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Legacy Of Dracula:
The Bloodthirsty Doll
cast: Kayo Matsuo, Akira Nakao, Yukiko Kobayashi, Atsuo Makamura, and Jun Usami

director: Michio Yamamoto

71 minutes (15) 1970
widescreen ratio 2.35:1
Eastern Cult Cinema DVD Region 2 retail

RATING: 7/10
reviewed by James Starkey
It appears on the surface that when it comes to genuinely unsettling films, the Japanese are in a league of their own. Even as early as 1970 and Yamamoto's Legacy Of Dracula (aka: The Vampire Doll), our oriental friends appeared to have more than one finger on the pulse of dramatic terror. This particular film is timeless in that it represents a near-extinct breed of horror movie - one that hides its true form under a veil of seeming obscurity. Be in no doubt that Legacy Of Dracula is a truly twisted yarn.
   Having not seen his girlfriend Yuko in months, Kazuhiko travels to her remote family mansion during the middle of a storm. Upon arrival however, he is greeted by terrible news of Yuko's death in a road accident. Her mother's apparent indifference to her daughter's fate baffles Kazuhiko. Kazuhiko is subsequently haunted by visions of his late girlfriend and becomes increasingly suspicious of the reports of her death.
   Kazuhiko's sister Keiko soon becomes worried about her brother who has not called her for days since travelling to meet Yuko. She travels with her boyfriend to the mansion where Yuko's mother informs them of the tragic events and that Keiko's brother had left some days before. Again, suspicion centres on Yuko's mother who appears to be hiding the truth from the pair. As had happened with her brother, Keiko is soon plagued by visions of the supposedly dead Yuko. Soon she decides to uncover the mystery once and for all.
   It appears that the tradition of effective Japanese horror movies can be traced right back to the late 1960s. Well before the Italian horror explosion, oriental directors were producing relatively obscure gems with little or no real previous subject matter to guide them. Certainly nothing before 1970 on the home front would compare to the eerie atmosphere that Yamamoto manages to conjure up here. Although looking rather dated, the movie did not seem like it was produced 33 years ago. Our Japanese director is not without fault however when setting the plot. The obligatory storm that greets the intro sequence does rather set the teeth on edge in the cynical 21st century. Some of the dialogue will also raise a smile. However, bubbling under the surface is a cold and isolated aura that is amazingly effective for such an obscure movie. The performance of Yuko's mother is one of definite merit. Without saying too much, she manages to convince the audience that she is hiding something although few will know exactly what until the end of the film.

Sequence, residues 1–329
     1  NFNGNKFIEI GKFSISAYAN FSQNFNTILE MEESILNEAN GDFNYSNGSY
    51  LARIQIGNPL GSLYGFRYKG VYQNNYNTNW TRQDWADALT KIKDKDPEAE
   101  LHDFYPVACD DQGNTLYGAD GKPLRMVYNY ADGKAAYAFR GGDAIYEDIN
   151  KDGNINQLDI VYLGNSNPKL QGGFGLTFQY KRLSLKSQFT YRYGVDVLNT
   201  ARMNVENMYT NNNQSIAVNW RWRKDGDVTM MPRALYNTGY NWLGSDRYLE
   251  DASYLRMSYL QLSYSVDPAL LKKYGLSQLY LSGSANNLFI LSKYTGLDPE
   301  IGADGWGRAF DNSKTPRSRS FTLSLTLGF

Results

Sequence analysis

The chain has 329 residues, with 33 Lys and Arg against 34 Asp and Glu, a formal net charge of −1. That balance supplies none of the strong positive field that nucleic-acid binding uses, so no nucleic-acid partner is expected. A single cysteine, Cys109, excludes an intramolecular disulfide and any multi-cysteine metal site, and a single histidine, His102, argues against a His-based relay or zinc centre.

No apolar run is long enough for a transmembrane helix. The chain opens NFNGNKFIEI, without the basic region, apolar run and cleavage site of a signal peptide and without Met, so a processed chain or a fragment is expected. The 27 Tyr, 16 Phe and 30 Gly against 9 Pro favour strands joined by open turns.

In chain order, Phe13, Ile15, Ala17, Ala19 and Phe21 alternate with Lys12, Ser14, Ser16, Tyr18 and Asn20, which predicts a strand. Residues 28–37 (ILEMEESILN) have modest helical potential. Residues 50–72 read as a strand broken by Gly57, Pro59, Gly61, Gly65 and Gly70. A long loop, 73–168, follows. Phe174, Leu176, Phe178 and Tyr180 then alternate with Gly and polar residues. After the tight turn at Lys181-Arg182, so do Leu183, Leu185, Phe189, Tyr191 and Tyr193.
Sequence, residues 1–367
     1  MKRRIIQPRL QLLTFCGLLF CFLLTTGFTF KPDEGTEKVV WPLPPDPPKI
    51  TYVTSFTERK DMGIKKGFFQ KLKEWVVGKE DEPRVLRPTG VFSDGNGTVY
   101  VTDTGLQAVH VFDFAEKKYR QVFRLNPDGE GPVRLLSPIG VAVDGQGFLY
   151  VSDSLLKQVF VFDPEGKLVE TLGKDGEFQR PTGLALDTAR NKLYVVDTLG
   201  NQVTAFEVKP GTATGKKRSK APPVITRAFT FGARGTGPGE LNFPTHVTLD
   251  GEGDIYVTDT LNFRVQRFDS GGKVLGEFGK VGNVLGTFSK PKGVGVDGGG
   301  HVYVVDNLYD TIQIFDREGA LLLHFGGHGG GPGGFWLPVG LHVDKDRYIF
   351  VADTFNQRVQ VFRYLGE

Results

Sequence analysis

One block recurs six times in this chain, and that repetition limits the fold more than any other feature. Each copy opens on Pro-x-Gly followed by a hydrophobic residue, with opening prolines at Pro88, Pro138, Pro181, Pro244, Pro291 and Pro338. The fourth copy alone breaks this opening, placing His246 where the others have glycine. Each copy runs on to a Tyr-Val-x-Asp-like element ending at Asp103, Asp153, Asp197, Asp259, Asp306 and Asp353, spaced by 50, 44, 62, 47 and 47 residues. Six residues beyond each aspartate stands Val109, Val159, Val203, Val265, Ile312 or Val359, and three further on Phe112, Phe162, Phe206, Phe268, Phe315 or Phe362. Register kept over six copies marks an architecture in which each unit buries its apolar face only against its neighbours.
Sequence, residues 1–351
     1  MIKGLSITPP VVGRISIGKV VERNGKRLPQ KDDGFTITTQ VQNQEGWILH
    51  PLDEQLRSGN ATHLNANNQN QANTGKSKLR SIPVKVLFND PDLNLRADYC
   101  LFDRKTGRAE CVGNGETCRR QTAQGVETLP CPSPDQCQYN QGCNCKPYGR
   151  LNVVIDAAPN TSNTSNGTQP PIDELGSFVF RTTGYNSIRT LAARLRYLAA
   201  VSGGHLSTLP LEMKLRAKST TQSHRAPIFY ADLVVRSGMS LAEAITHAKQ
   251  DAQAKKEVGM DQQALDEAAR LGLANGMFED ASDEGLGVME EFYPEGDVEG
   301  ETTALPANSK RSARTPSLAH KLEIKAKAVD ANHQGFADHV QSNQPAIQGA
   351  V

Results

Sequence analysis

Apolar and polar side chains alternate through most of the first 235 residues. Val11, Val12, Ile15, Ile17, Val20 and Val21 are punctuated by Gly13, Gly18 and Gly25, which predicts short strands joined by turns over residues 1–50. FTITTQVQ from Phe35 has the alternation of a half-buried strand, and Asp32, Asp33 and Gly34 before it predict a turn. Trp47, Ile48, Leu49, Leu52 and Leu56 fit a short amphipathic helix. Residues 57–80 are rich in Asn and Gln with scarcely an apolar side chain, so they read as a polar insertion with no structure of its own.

Those who would not naturally be drawn to a vampire movie should definitely consider Legacy Of Dracula. This would be especially relevant for those who were mesmerised by the undoubtedly excellent Ring series of films. Similar to those chillers, Legacy combines the seemingly natural and innocent complexion of a Japanese girl and twists it into a thoroughly disconcerting abomination. The film's title has all the hallmarks of an aka or an alteration of the original Japanese translation. This suspicion is based upon the fact that the character of Dracula has no mention or presence in the movie whatsoever apart from the slight similarity of being a vampire movie. This aside however, Yamamoto's Legacy Of Dracula comes recommended. Don't expect modern thrills and spills, but do expect a creepy backdrop to a story well told.
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